Why Nature Connection Matters

I’m on a train to London writing this blog post, heading to the city to discuss our connection with nature, because nature matters. Coincidentally, while driving to the station Lucy McRobert from The Wildlife Trusts was on BBC Radio 4 Today programme talking about the new #EveryChildWild campaign, because nature matters.

Few people on the train are gazing out of the windows, for me that is one of the pleasures of a train journey. There’s a background of papers rustling, keyboards being tapped and a bit of screen time. The landscape leaving a foggy Derby station is modest, hardly a compelling view, but there’s nature to be found in the form of scrubby hedgerows and trees, their remaining leaves hanging forlornly.

This reflection on our nature, and the nature ‘out there’, is part of our connection to it. Those with a trait for open curiosity tend to have a more embedded place in nature – a greater connection to it. This brings me onto the topic of this post, what leads to a connection with nature, and why does nature connection matter?

I use this blog to share nature connection research in a more straightforward manner than academic writing allows, but also to test and develop ideas. And one idea I’ve been developing over the past few days is a diagram to show what leads to a connection with nature, and why nature connection matters.

It’s work in progress, not comprehensive and mashes some of my research with findings from elsewhere. It also needs a graphic designer’s touch! In fact, while writing this I’m seeing aspects I don’t like (such as nature connection being within a box, rather than the glue that holds the other things together), but that development is the point of writing the blog.

Why nature connection matters

So, as I pass through an equally foggy Loughborough, on to the diagram. You’ll see a connection to nature is at the heart of things, occupying a shared place with nature represented by a head shaped oak. A connection with nature leads people to seek nature out, hence the arrow to the fully formed oak representing nature. And that exposure to the wider nature about us, leads to good health – there’s plenty of evidence for that.

Emerging research suggests that a connection to nature is also related to well-being (to a similar level as education and income), mediating the link between wellbeing and better health. A connection with nature makes us happy and gets us out into nature – two good things for our health.

So we can work to get people out into nature, but my interest is building our connection to it – that feeling of being part of nature. And contact, getting out into nature, is associated with greater nature connection. But to build a deeper connection also involves an emotional relationship (e.g. wonder and awe) with the natural world, one where nature has meaning so that we develop compassion and respect for nature. You’ll see pro-nature behaviours are another outcome of nature connection.

So how do we foster this stronger relationship with nature and a deeper connection? There’s little research on this just now, but it’s central to my work. The picture just now is that appreciating nature’s beauty and creative arts with a nature theme are key.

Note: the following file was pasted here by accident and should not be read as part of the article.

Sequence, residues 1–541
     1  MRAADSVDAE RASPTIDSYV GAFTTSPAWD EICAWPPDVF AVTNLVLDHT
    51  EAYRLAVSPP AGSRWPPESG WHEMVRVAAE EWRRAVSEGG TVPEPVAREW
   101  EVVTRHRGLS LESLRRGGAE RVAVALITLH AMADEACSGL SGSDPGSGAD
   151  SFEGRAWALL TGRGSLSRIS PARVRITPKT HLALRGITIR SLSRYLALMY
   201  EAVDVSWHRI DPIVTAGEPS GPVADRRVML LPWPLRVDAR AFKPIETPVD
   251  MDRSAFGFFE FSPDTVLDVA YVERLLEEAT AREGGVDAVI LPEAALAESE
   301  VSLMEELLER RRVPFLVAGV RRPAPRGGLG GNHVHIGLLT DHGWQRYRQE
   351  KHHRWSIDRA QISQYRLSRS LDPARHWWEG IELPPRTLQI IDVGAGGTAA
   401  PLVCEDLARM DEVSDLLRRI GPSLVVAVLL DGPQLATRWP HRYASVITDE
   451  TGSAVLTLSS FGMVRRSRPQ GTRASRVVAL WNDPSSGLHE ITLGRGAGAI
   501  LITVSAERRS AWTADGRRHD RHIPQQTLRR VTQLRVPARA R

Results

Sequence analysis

Our thirst for knowledge is represented on the diagram by the disembodied brain and a microscope. Currently, and as I say there’s a need for more research, knowledge alone doesn’t appear as a route to nature connection. A microscopic attention to nature and positivist approach alone would seem an unlikely route to an emotional relationship and connection to nature. But if that thirst for knowledge is driven by wonder then it could well have a role to play. For now, it’s perhaps best to place facts and education firmly within a wider context of awe, wonder, contact, meaning and respect.

The diagram also shows personality traits associated with a connection to nature, both as barriers and facilitators. The barriers are neuroticism and rumination; anxiety and worry, and a focus on those thoughts (the good news is nature and a connection to it can reduce anxiety). The positive traits are broadly related to curiosity about our place in the world, openness, self-reflection and mindful attention – gazing out of windows while on the train.




About Miles

Professor of Human Factors & Nature Connectedness - improving connection to (the rest of) nature to unite human & nature’s wellbeing.
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2 Responses to Why Nature Connection Matters

  1. Elizabeth Freeman says:

    Miles, this is a great post. I think your diagram has much promise and you nicely summarise nature research well. Such a summary will be very useful to my undergrad and postgrad students working on nature projects at the moment. It is making me very excited indeed as I have had similar thoughts but never the guts to put it down, let alone share it with the world in a blog. Thank you for sharing and enjoy your train journey – they are great for seeing nature and pockets of wild places (Robert McFarlane), where nature meets city or town – the ‘in-between spaces’, which I’m especially curious about! 🙂
    Do let us all know how your meeting goes in London!

  2. Pingback: Ten Thousand Steps in Nature | Finding Nature

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